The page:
Globally, obesity and an overweight health statuses have been associated with increased mortality and morbidity, and they are risk factors for cardiometabolic diseases, including diabetes mellitus, hypertension, cardiovascular disease, and some cancers. In a large-scale, longitudinal study, high body mass index (BMI) was associated with increased risk of acute myocardial infarction and coronary heart disease even in young adults.1 Therefore, weight loss has been recommended as part of the efforts not only to reduce all-cause mortality and morbidity, but also to improve the quality of life. Weight loss is usually followed by weight gain (weight cycling) and weight fluctuation, and this weight variability is an important risk factor for cardiovascular diseases and death.2,3 The importance of weight loss without weight variability has been emphasized in obese and overweight individuals. Despite the government’s efforts to reduce the increasing prevalence of obesity and overweight statuses combined with weight cycling, the prevalence of these problems is steadily increasing.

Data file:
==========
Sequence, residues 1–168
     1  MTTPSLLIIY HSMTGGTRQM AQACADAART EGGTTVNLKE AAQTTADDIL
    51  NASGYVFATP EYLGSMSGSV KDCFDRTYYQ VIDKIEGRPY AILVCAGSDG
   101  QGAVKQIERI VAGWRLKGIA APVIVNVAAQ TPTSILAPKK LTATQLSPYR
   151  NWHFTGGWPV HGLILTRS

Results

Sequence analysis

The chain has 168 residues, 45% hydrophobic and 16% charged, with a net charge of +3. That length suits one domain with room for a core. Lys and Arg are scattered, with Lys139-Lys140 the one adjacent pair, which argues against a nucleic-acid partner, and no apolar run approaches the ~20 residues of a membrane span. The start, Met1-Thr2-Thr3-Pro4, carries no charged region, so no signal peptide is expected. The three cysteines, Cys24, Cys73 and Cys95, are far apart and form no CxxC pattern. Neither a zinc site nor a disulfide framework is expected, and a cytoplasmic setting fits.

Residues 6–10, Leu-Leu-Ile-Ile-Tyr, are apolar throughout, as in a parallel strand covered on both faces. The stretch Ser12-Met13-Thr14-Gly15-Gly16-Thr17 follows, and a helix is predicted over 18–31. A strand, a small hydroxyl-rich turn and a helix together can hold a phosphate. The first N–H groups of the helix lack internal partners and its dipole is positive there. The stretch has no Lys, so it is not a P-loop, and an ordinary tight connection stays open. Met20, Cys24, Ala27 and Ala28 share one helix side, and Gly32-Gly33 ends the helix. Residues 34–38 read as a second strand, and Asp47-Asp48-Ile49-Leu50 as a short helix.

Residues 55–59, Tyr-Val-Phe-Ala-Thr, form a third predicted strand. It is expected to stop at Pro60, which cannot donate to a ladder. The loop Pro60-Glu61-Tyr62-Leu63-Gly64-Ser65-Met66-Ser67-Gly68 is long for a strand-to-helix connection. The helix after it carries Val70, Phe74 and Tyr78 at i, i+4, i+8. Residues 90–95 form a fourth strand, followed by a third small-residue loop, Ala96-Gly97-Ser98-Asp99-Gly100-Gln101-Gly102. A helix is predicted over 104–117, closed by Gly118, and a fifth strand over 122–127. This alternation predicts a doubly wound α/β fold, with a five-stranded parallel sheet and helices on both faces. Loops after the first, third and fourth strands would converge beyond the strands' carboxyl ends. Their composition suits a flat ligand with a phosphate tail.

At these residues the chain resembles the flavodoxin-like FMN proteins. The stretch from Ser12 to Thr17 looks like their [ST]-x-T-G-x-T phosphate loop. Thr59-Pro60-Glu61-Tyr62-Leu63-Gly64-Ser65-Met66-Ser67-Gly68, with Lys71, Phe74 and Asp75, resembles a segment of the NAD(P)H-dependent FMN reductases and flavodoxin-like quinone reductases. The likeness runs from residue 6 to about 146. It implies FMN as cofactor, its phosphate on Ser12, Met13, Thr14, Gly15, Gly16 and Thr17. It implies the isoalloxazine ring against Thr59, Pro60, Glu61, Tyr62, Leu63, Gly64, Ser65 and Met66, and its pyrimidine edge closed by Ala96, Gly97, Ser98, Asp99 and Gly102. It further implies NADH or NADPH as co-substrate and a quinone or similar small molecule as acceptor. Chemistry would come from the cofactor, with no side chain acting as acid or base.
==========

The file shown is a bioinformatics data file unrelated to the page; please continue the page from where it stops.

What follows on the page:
As life expectancy increases, there is a corresponding and rapid increase in the number of cases of dementia worldwide. Cognitive impairment, dementia and Alzheimer diseases are known to impact the quality of later life. Adiposity is directly and indirectly associated with cognitive impairment and dementia.4 The relationship of BMI with the risk of dementia is consistent with a U-shaped curve, and mid-life obesity is a significant risk factor for dementia and Alzheimer disease.5 In contrast, some reports have insisted that overweight and obesity statuses serve as protective factors for cognitive impairment.6